Life is common in the universe, new analysis of meteorites suggests
Meteorites could be sowing life throughout the galaxy.
Picture this: you’re playing basketball after school with your friends. Just as you’re about to make a three pointer, a streak of fire cuts across the sky and the object causing it lands just a few yards away, embedding itself in the blacktop. You rush over to the site of a small, smoldering crater, where a meteorite appears. And that meteorite is carrying biological material from another planet. This might sound like the opening scene to the next big sci-fi thriller. But it actually occurred in real life.
Two meteorites, one found outside of Morocco and the other in Texas, both in 1998, have now been analyzed and the results are enticing. An international collaboration of scientists at the Department of Energy’s Lawrence Berkeley National Laboratory (Berkeley Lab) conducted the analysis. Their findings were published in the journal Science Advances.
These space rocks, which are thought to have circulated within our solar system’s asteroid belt for a billion years, contain organic compounds necessary for life. The meteorites carry within them hydrocarbons, amino acids, and other organic materials, as well as water. It’s a bit like a life starter kit.
These boys were playing basketball when a meteorite blasted into the blacktop just yards away from them. This occurred in Texas on March 22, 1998. After studying it closely, scientists say the meteorite contains traces of water and prebiotic elements. (Credit: Mark Bostick).
Researchers took a look at minute blue and purple salt crystals from inside the meteorites, each just a fraction of the width of a human hair. These were transported to a dust-controlled room and handled with tiny instruments which resemble metal dental picks. Next, the crystals were examined with an X-ray microscope. Scientists also employed a technique known as XANES: X-ray Absorption Near Edge Structure Spectroscopy. Lo’ and behold, traces of prebiotic compounds and water were trapped inside these crystals.
It’s possible they originate with Ceres--a dwarf planet which also happens to be the largest object in the asteroid belt. Ceres has volcanic activity similar to Enceladus, which strengthens the case for some kind of life taking shape underneath the surface of Saturn’s frozen moon.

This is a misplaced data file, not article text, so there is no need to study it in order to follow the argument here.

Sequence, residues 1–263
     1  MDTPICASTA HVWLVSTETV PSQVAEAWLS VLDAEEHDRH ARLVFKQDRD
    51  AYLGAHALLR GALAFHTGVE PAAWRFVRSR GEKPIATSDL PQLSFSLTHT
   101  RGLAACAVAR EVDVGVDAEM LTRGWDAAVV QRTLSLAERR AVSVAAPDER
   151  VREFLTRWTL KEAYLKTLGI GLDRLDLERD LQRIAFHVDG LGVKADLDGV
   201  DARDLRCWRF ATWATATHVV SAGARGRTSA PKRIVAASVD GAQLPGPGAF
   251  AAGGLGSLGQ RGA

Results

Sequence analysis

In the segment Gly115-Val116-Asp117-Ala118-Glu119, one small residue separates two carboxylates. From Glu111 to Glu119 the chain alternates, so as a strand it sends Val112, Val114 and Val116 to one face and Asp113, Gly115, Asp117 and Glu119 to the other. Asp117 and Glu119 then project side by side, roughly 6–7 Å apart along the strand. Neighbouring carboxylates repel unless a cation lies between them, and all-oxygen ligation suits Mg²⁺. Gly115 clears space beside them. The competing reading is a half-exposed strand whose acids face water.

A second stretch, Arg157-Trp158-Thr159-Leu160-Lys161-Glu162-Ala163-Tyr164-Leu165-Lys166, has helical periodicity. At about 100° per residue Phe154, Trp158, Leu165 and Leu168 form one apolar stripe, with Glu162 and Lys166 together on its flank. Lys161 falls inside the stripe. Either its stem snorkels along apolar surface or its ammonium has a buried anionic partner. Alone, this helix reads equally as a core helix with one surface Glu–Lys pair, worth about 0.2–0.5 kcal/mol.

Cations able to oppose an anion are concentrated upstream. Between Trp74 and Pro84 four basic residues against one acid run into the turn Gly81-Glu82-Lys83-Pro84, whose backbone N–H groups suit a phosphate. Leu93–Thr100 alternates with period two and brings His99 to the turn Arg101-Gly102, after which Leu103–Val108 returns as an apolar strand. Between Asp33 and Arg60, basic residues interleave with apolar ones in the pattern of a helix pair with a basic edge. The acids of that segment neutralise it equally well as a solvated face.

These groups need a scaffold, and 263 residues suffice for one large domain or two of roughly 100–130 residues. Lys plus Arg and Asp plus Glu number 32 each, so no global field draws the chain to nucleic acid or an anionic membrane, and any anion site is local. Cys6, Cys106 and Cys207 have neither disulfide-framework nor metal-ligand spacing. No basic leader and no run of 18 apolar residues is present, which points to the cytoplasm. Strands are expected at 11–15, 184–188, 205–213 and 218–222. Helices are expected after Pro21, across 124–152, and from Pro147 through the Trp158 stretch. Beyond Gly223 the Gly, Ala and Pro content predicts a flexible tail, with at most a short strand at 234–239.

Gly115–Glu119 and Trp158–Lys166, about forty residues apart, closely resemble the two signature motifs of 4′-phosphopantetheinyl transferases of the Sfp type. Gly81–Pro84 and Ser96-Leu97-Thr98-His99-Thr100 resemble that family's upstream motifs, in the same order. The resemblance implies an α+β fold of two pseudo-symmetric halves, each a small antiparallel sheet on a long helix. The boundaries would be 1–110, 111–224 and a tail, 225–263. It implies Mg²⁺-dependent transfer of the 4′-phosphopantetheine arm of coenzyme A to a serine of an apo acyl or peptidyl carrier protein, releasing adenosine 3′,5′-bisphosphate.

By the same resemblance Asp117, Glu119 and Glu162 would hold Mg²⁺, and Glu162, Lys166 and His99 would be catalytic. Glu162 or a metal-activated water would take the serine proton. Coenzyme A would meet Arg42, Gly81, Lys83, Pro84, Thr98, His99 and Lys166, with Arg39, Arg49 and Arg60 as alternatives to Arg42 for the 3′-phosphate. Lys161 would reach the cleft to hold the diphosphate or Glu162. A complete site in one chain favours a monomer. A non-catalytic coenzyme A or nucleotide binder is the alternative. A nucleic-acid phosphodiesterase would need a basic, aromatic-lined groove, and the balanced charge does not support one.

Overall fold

Such volcanic activity could force ice and water jets to shoot out into space. The asteroid Hebe is another candidate. This is a common source of meteorites that fall onto Earth. Or the crystals may have originated in “a water-rich world in the outer solar system,” as scientists write in the study.
This is the first time a comprehensive exploration of the chemical makeup of meteorites has been conducted. The groundbreaking work is helping us better understand our early solar system and the composition of asteroids within it. Discovering such compounds after a long trek through space hints at a greater diversity of life in the universe than previously assumed.
An artist’s conception of asteroids and space dust. Credit: NASA/JPL-Caltech.
An international team of scientists worked on this study. David Kilcoyne, of Berkeley Lab’s Advanced Light Source (ALS), was among them. “It’s like a fly in amber,” he said. Kilcoyne and colleagues say the water found within the crystals could date back 4.5 billion years, to when our solar system was born.
Planetary scientist and postdoctoral research associate Queenie Chan, of The Open University in the U.K., lead the study. She said in a press release, “We’re looking at the organic ingredients that can lead to the origin of life.”
Crystals hidden within meteorites increase the chances of biomolecules or even microbes making it to Earth or other planets. Although landing in very different locations, these particular meteorites showed evidence of an impact. They must have struck each other at some point, scientists say. Organic material could be passed through such an impact, a scenario astrobiologists hadn’t contemplated before.
A blue crystal from the meteorite that fell near Morocco. The scale bar represents 200 microns (millionths of a meter). Credit: Queenie Chan/The Open University, U.K.
Yoko Kebukawa was a collaborator on this study. She is an associate professor of engineering at Yokohama National University in Japan. Kebukawa and colleagues applied a number of chemical experiments to the samples, to discover their makeup.
“We revealed that the organic matter was somewhat similar to that found in primitive meteorites, but contained more oxygen-bearing chemistry,” she said. “Combined with other evidence, the results support the idea that the organic matter originated from a water-rich, or previously water-rich parent body – an ocean world in the early solar system, possibly Ceres.”
Chan said there are other crystals within these meteorites that haven’t yet been analyzed. That’ll consume a follow-up study. Kebukawa said, “We may find more variations in organic chemistry.” While Chan said, “Everything leads to the conclusion that the origin of life is really possible elsewhere. There is a great range of organic compounds within these meteorites, including a very primitive type of organics that likely represent the early solar system’s organic composition.”
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